Terrorism and the State: A Critique of Domination Through Fear
Terrorism and the State is a volume on the political economy of terrorism. Emphasizing the role of ideological systems in the definition of political violence, this book is theoretical, historical, and critical. It first presents and refutes the two most commonly expressed definitions of terrorism: the absolutist view, a simplistic picture of international deviance on the part of fanatics, and the liberal relativistic view, one man's terrorist is another man's freedom fighter. Both views focus on the definition of behaviors rather than on the real relations of domination and subjugation embodied in the social structure. Neither view can be used as a vehicle when analyzing institutionalized forces of domination through fear. The author suggests that there is presently a double standard of terrorism, one for the state and the other for its opponents. Terrorism and the State reframes the terrorism debate. A historical review supports a revisionist position that places the issue in the context of global relations. Attention is given to the role of the media in the selective selling of international terrorism. Having established his framework, the author proceeds through the investigation of historically grounded cases to systematically analyze state terrorism: the coercive power of today's nuclear weapon state, global apartheid, terrornoia, settler terrorism, holy terror, and, finally, surrogate terrorism.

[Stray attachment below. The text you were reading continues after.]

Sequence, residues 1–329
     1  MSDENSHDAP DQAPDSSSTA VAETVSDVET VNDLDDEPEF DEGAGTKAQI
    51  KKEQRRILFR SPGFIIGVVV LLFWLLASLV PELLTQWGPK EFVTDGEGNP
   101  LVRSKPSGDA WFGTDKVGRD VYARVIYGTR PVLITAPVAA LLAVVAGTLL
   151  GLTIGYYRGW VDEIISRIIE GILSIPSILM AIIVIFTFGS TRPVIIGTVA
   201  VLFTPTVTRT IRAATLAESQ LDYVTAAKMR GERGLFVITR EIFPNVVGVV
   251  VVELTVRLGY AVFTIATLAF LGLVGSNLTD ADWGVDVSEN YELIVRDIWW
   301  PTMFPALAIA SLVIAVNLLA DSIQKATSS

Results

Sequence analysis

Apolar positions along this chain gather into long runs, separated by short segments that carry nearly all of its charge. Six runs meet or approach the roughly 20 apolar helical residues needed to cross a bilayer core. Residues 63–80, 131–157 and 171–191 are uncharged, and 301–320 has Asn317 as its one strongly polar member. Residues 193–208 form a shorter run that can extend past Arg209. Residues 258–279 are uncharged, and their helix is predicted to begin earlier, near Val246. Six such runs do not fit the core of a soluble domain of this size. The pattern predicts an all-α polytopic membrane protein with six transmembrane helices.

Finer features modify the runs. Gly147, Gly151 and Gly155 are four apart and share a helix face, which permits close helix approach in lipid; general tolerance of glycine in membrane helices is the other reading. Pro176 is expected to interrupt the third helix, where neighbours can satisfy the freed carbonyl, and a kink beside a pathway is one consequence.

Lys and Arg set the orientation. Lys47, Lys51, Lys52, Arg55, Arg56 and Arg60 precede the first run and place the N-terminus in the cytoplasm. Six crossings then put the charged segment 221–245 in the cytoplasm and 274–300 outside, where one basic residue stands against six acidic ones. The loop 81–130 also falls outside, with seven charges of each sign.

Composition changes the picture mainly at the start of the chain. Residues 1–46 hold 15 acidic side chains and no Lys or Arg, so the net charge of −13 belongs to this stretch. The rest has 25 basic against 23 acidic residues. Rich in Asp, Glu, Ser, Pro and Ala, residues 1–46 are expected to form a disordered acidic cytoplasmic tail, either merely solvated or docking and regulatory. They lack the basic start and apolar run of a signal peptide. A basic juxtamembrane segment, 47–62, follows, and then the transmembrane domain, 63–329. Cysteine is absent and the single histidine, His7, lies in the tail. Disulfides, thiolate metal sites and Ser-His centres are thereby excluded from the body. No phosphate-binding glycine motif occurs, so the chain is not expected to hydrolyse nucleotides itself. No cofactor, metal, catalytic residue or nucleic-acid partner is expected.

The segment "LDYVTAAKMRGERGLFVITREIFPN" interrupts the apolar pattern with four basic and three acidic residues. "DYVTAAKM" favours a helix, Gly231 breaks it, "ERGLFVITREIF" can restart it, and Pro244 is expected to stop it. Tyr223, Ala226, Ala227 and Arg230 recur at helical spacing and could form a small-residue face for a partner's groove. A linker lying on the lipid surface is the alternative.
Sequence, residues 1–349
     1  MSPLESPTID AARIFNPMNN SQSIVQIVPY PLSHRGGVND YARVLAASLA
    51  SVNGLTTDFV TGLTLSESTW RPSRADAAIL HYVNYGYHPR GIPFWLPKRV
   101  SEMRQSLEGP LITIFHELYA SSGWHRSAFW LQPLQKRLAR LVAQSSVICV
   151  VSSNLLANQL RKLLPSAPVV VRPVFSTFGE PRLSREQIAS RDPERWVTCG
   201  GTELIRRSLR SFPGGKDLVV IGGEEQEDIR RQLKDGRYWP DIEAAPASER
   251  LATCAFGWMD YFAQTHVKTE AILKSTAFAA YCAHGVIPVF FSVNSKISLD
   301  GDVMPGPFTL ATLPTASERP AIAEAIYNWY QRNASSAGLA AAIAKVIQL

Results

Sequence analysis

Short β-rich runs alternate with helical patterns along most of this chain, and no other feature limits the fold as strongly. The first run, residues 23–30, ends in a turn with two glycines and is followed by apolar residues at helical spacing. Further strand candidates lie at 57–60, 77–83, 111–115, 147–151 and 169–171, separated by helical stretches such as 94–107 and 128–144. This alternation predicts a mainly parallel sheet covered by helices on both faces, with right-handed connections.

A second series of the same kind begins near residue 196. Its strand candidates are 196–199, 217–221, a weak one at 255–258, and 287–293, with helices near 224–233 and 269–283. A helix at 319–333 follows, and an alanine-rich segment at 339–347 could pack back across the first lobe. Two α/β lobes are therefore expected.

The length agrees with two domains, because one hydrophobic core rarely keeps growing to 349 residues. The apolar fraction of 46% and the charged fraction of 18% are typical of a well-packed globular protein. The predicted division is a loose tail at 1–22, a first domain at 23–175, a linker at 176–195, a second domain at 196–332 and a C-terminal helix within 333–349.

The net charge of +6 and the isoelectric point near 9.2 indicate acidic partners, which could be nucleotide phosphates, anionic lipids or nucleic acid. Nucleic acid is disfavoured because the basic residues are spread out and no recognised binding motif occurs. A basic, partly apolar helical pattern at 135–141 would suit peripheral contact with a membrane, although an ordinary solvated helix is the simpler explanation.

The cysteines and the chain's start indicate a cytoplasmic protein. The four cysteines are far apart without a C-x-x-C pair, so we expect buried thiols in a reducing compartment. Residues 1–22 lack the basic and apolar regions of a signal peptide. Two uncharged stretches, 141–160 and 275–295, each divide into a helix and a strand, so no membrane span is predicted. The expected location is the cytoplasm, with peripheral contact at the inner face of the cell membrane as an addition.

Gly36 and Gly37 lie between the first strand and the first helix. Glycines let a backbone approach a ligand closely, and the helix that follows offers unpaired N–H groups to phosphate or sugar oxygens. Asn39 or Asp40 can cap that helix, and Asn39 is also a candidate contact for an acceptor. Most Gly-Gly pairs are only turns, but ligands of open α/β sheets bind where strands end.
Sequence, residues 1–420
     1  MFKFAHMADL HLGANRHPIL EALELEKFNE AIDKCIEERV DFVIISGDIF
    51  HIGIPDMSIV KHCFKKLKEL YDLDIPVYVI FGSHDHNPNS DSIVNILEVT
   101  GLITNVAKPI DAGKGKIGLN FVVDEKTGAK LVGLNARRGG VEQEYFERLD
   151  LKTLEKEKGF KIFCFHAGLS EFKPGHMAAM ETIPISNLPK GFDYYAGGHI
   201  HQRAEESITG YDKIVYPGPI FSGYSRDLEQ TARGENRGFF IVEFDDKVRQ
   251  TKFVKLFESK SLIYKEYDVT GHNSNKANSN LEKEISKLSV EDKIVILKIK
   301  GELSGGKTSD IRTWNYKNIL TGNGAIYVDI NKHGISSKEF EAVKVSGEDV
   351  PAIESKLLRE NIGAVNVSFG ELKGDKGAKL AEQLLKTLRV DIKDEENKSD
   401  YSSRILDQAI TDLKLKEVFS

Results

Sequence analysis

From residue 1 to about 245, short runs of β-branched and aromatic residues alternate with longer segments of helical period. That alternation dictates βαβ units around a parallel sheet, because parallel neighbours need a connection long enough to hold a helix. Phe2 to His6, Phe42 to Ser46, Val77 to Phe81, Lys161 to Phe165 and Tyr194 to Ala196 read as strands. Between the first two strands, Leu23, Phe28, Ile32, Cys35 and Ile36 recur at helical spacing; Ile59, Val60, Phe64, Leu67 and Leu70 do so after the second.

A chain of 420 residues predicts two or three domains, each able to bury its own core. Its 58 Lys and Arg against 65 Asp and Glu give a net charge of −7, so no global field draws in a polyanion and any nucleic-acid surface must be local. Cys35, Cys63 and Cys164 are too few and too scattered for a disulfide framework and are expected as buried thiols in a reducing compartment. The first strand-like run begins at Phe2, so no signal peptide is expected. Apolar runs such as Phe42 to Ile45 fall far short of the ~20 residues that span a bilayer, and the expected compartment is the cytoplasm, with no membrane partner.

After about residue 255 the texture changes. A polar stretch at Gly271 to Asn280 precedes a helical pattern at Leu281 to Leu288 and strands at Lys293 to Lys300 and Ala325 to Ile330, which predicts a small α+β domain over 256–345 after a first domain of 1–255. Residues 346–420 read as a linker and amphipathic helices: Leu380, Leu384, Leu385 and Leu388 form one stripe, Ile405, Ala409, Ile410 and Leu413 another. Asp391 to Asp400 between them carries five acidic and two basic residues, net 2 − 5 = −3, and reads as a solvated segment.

Terrorism and the State develops its framework for the terrorism debate within the first three chapters: The Ideology of Terrorism, Terrorism and the State, and Mediaspeak: The Selling of International Terrorism. The remainder of this volume concentrates on historically grounded cases: The Real Nuclear Terrorism; Racial Terrorism: Apartheid in South Africa; Terrornoia and Zonal Revolution: The Case of Libya; Settler Terrorism: Israel and the P.L.O.; Holy Terror: Iran and Irangate; Surrogate Terrorism: The United States and Nicaragua